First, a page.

From the headmistress’s desk: 31 May 2019
It is not always easy to make connections among the different events happening at and around school, and last week was no exception: the culmination of our IQAA evaluation (as described in the Senior School newsletter by Deanne King), the inaugural Maxeke-Mgqwetho annual lecture hosted in The Edge on Thursday, the SAGSA conference offsite, Friday’s Senior Primary assembly with a visiting speaker, and Saturday, Africa Day, with its packed programme of Little Saints sports day, the Junior Primary fun day, netball matches and rhythmic gym competitions – not to mention the presidential inauguration. This week’s Patronal Festival Eucharist and picnic, at which we commemorate the school’s 131st birthday, could be viewed as an opportune moment to catch our breath and give thanks for what has gone before, as well as to look forward to what is still to come.
It helps that the number the school is turning this year is significant, but odd: it lends itself to celebration of a more unusual nature. Like the women whose largely unheard voices Gcina Mhlophe conjured on stage last Thursday, 131 is “too much”; on the wrong side of 130. It seems exorbitant, as if its sole purpose were to point to the more symbolically forceful numbers we choose to highlight on either side of it. At the risk of sounding absurd, it is precisely this notion of the extraneous, the superfluous and the digressive that I wish to bring into sharper focus now.
It is easy to lose sight of the value that such interstitial activity brings in a programme of planned events: the discussions that happen in the classroom but that do not have a measurable outcome in homework or assessments; the rehearsals and training with teachers, coaches and peers that narrow into performances and matches; the work done by staff, parents and girls before and after the main event, as well as the spontaneous play between children of all ages that runs parallel to everything we do. What place do we give to these before, after and by-the-way interludes that constitute the daily life of the school and extend beyond it in ways we cannot articulate with ease?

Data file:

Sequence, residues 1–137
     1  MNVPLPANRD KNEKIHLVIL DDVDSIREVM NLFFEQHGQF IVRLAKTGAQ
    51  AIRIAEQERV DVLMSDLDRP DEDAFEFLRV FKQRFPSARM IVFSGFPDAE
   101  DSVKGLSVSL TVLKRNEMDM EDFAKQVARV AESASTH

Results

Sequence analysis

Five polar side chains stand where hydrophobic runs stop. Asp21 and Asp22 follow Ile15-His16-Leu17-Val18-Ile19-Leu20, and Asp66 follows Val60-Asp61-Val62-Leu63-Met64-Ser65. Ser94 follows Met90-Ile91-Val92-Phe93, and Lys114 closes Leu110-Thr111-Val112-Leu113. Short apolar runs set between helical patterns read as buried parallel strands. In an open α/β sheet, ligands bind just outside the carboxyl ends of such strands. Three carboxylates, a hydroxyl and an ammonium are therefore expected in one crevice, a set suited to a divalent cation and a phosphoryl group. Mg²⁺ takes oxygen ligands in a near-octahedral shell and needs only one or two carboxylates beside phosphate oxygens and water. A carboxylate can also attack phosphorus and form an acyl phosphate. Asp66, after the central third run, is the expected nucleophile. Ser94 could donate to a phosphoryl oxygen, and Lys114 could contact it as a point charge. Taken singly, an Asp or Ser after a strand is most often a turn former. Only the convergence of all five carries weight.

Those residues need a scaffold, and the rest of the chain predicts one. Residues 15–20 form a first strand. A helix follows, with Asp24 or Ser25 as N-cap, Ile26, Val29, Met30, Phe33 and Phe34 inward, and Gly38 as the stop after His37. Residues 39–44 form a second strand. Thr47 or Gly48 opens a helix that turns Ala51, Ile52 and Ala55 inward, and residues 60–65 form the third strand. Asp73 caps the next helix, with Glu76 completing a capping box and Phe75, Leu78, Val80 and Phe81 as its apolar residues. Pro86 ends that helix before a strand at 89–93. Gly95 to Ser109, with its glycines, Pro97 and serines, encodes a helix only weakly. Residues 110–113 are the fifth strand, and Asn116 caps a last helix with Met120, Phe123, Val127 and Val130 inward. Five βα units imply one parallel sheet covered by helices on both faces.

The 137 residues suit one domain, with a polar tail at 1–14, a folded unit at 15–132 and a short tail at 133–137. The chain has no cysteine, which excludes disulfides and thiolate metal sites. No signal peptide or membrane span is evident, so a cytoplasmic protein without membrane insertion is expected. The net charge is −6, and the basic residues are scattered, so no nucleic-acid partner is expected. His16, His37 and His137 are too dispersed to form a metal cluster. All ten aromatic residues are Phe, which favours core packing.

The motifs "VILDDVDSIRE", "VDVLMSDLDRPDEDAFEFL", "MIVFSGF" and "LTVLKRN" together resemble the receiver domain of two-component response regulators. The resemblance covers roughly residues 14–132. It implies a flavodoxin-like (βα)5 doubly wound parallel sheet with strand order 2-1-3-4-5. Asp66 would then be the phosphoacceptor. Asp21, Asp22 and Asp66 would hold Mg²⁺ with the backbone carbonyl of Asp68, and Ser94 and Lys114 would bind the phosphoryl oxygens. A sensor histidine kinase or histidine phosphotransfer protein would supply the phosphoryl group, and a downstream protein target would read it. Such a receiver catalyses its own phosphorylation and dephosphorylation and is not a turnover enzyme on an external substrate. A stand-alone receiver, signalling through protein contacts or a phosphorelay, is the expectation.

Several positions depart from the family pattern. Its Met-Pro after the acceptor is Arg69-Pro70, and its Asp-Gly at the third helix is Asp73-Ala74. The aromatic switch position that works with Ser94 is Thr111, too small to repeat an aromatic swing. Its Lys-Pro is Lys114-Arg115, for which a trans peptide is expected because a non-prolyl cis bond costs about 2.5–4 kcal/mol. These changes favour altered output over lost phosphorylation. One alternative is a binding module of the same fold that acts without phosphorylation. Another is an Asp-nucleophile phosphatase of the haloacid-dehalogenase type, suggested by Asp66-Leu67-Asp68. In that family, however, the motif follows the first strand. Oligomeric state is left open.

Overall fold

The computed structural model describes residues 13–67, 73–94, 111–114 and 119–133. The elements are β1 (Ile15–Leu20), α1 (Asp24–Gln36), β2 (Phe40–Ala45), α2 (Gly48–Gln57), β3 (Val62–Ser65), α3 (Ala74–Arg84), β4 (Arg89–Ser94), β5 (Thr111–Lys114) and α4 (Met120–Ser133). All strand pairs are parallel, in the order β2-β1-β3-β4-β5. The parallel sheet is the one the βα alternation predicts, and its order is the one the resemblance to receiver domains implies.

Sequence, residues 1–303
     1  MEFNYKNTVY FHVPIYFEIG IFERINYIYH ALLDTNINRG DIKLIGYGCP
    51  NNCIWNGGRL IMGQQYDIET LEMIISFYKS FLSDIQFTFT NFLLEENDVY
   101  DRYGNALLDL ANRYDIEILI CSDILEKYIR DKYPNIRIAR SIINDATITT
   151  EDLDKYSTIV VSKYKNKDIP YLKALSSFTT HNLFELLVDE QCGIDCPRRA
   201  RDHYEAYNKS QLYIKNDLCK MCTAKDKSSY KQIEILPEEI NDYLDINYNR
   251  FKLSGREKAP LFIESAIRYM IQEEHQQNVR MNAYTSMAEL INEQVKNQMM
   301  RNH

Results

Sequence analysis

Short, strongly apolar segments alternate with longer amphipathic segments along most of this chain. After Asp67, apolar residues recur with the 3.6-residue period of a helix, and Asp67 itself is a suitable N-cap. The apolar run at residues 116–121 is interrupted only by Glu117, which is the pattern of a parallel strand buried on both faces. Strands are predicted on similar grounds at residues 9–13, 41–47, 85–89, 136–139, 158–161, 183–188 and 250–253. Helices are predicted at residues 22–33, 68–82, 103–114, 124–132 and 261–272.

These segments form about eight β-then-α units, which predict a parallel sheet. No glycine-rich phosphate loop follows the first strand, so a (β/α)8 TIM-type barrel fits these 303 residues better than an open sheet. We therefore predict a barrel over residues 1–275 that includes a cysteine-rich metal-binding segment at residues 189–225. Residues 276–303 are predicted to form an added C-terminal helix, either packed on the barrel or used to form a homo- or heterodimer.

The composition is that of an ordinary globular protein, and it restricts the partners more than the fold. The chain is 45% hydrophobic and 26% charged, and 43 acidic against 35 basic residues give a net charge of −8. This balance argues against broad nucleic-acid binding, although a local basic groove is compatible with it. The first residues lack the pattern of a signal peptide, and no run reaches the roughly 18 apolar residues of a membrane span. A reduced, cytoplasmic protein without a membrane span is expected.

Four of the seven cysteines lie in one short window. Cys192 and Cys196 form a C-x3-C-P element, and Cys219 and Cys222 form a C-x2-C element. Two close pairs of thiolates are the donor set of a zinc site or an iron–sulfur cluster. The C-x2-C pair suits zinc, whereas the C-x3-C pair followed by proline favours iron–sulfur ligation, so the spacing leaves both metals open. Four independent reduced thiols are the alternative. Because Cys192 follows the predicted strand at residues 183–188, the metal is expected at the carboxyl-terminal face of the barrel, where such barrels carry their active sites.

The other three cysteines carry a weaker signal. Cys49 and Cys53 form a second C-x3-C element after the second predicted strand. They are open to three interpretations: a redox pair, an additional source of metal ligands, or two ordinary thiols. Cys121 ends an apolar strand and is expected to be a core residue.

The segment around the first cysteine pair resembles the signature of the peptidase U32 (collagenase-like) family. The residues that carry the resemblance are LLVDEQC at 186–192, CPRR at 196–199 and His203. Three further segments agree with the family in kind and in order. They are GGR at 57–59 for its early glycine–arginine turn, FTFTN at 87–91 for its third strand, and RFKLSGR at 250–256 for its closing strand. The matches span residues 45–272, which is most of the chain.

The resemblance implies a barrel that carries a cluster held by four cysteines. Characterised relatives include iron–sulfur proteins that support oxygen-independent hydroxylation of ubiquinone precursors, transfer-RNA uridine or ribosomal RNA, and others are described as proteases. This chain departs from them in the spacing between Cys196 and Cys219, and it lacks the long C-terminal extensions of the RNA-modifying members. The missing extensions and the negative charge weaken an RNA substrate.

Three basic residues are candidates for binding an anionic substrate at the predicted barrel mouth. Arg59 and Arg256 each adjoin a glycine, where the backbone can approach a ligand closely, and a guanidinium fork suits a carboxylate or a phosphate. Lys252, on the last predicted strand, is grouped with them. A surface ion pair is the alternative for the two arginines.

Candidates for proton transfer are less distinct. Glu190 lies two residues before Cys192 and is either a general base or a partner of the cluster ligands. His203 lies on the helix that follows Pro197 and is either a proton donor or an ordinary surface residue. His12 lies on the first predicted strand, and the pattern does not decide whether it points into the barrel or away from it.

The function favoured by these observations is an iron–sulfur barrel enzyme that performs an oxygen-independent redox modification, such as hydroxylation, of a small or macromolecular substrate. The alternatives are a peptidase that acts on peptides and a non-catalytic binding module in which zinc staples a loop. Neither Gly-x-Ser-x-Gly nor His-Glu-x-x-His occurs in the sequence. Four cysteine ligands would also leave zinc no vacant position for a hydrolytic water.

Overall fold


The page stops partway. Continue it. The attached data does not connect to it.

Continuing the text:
The thought crossed my mind several times last week, but one example drawn from a packed itinerary will do: in Friday’s Senior Primary assembly we were fortunate (through the welcome interventions of a parent in the Junior School) to host accomplished South African-Jamaican London-based musician and composer Matshidiso Mohajane, whose academic background is in human rights law. Matshidiso addressed the girls, showed us a music video, answered questions and performed part of her latest single. She enjoyed a natural rapport with the girls and their admiration for her musical gifts was obvious; what stayed with me was the picture of them sitting in the hall, eyes trained on the screen, as she transported them, through soulful music and black-and-white imagery, to their own city. The video, Running, features Matshidiso jogging through various parts of Johannesburg, more or less familiar to the girls. Watching the video in her presence, seeing their city as a location for stories and as a place of storytelling, is something I wish they will take from this experience, and never forget.
Before closing, I want to extend my thanks to all the staff and parents who supported the Little Saints sports day and the Junior Primary fun day, especially those of you who gave your time on fun fay, before and after, to ensure that the event ran smoothly, looked beautiful and made our families happy. The rag-tag group of children who played on while their parents, including teachers, tidied up and took stock of the day, long after all the stalls had closed and as the shadows lengthened across the Junior School Close, deserve our thanks as well – they had such fun.
Dr Sarah Warner
Headmisstress: Junior School